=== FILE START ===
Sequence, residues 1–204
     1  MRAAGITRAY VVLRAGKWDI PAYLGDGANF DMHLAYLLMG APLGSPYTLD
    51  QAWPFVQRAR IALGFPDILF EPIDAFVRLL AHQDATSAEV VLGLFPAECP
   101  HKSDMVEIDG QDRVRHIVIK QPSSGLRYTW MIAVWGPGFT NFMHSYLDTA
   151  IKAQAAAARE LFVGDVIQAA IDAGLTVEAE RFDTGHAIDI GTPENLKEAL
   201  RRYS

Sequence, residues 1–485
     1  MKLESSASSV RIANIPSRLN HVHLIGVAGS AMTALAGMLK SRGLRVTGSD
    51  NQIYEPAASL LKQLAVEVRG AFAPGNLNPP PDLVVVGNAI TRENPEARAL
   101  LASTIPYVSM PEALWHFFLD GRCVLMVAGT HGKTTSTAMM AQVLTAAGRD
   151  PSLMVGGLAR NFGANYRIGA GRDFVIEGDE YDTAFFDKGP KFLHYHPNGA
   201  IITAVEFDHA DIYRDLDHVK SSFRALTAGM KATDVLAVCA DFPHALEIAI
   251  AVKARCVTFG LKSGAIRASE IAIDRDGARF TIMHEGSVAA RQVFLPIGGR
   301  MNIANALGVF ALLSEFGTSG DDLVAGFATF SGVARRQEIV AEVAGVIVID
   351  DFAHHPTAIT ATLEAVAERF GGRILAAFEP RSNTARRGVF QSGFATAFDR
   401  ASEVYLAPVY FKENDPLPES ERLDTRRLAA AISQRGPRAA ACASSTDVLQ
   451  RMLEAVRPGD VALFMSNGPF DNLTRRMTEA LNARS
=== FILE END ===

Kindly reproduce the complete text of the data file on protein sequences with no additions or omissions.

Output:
Sequence, residues 1–204
     1  MRAAGITRAY VVLRAGKWDI PAYLGDGANF DMHLAYLLMG APLGSPYTLD
    51  QAWPFVQRAR IALGFPDILF EPIDAFVRLL AHQDATSAEV VLGLFPAECP
   101  HKSDMVEIDG QDRVRHIVIK QPSSGLRYTW MIAVWGPGFT NFMHSYLDTA
   151  IKAQAAAARE LFVGDVIQAA IDAGLTVEAE RFDTGHAIDI GTPENLKEAL
   201  RRYS

Sequence, residues 1–485
     1  MKLESSASSV RIANIPSRLN HVHLIGVAGS AMTALAGMLK SRGLRVTGSD
    51  NQIYEPAASL LKQLAVEVRG AFAPGNLNPP PDLVVVGNAI TRENPEARAL
   101  LASTIPYVSM PEALWHFFLD GRCVLMVAGT HGKTTSTAMM AQVLTAAGRD
   151  PSLMVGGLAR NFGANYRIGA GRDFVIEGDE YDTAFFDKGP KFLHYHPNGA
   201  IITAVEFDHA DIYRDLDHVK SSFRALTAGM KATDVLAVCA DFPHALEIAI
   251  AVKARCVTFG LKSGAIRASE IAIDRDGARF TIMHEGSVAA RQVFLPIGGR
   301  MNIANALGVF ALLSEFGTSG DDLVAGFATF SGVARRQEIV AEVAGVIVID
   351  DFAHHPTAIT ATLEAVAERF GGRILAAFEP RSNTARRGVF QSGFATAFDR
   401  ASEVYLAPVY FKENDPLPES ERLDTRRLAA AISQRGPRAA ACASSTDVLQ
   451  RMLEAVRPGD VALFMSNGPF DNLTRRMTEA LNARS